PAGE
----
Oil prices decline on high inventories, weak U.S. stock markets

Oil Set for First Consecutive Weekly Loss for Months

Oil prices fell further on Friday and were on track for a second weekly drop after the USA stock markets tumbled and U.S. stockpiles rose unexpectedly.

"Crude production is starting to return following a couple of storms, but a weak demand outlook and the start of maintenance season will keep the pressure on oil prices", OANDA senior market analyst Edward Moya told. United States crude was up 42 cents, or 1.1%, at $37.72 a barrel.

Brent LCOc1 ended the session down 23 cents, or 0.6%, at $39.83 a barrel while USA crude CLc1 settled up 3 cents at $37.33 a barrel.

Oil recovered from an oversell Tuesday, said Gary Cunningham, director of market research at Tradition Energy.

Both major benchmarks are down around 6.5 per cent for the week and headed for a second week of declines, as hopes dim for a steady recovery in fuel demand amid signs of second-wave coronavirus outbreaks.

Money managers cut their net long US crude futures and options positions in the most recent week, a sign hedge fund managers expect further weakness in the oil markets.


"The financial markets are continuing to set the tone, including on the oil market", said Eugen Weinberg, head of commodities strategy at Commerzbank AG.

Also dampening the market mood, the USA senate killed a Republican bill that would have provided around $300 billion (Dh1.1 trillion) in new coronavirus aid.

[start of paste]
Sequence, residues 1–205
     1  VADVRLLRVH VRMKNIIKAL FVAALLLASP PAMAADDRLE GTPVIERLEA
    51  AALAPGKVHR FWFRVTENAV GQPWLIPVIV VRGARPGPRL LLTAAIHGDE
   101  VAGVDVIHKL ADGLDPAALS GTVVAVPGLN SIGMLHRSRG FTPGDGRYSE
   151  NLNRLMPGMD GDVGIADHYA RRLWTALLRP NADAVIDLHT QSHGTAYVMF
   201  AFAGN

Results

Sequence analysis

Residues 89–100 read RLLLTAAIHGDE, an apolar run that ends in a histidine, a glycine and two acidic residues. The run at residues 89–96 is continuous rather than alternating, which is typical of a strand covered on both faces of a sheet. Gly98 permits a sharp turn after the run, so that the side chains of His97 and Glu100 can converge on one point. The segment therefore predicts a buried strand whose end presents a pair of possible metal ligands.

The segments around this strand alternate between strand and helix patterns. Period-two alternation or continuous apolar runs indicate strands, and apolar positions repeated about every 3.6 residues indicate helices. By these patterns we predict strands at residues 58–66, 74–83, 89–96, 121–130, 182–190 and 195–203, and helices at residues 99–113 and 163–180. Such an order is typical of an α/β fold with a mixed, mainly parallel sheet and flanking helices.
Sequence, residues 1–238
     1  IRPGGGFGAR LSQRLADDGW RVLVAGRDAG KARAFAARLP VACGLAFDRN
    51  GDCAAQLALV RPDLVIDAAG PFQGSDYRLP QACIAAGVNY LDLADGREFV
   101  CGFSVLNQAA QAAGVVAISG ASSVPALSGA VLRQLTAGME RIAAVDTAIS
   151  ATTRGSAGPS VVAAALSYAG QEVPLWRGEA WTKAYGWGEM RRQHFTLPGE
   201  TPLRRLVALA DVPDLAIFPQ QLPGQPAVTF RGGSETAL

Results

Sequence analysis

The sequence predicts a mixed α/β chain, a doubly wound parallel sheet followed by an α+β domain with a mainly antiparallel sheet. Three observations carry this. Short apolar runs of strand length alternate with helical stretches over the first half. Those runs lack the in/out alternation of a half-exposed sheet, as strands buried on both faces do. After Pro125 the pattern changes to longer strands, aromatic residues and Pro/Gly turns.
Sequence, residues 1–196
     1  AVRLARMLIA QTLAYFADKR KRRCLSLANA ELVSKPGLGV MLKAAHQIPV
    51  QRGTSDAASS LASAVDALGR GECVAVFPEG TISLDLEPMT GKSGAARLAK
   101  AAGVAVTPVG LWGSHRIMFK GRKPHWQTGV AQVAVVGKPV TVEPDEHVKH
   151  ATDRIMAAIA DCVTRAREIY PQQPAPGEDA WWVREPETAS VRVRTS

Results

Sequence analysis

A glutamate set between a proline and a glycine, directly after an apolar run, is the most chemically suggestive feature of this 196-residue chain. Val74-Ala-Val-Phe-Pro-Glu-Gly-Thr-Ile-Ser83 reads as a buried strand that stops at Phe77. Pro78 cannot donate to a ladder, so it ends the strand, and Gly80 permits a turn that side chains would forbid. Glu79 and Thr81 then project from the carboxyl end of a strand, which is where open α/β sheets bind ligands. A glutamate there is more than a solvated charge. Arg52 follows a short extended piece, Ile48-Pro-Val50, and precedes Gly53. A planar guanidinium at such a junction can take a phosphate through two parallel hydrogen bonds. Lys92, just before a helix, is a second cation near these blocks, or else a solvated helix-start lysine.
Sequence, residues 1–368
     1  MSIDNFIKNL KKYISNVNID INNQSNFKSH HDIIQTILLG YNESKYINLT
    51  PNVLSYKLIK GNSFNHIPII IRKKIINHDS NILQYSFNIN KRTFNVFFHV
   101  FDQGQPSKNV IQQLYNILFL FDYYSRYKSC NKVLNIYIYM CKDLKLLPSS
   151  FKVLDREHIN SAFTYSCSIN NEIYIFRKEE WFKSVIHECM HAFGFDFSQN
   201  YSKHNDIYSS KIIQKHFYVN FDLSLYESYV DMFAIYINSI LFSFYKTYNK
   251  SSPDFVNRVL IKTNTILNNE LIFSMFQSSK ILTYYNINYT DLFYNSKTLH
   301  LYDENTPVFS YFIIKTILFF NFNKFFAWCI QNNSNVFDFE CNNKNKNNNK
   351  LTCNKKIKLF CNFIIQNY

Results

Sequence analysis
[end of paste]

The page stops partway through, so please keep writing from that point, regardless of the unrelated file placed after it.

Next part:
The price of oil has slipped below the $40 mark to trade at its lowest level since June, and crude prices may continue to weaken in September as the Organization of the Petroleum Exporting Countries (OPEC) rollback the voluntary production cuts in response to COVID-19.

The rising stockpiles come ahead of a meeting on September 17 of the market monitoring panel of the Organization of the Petroleum Exporting Countries (OPEC) and allies including Russian Federation, together known as OPEC+, which in August trimmed supply curbs from earlier this year on expectations demand would improve.

"Despite the recent slide in oil prices, we think that the OPEC+ leadership will continue to direct its efforts towards securing better compliance rather than pushing for deeper cuts at this stage", RBC analysts said.

Following Saudi Arabia, Kuwait also lowered its official selling price to Asia for October, to counter slower demand.

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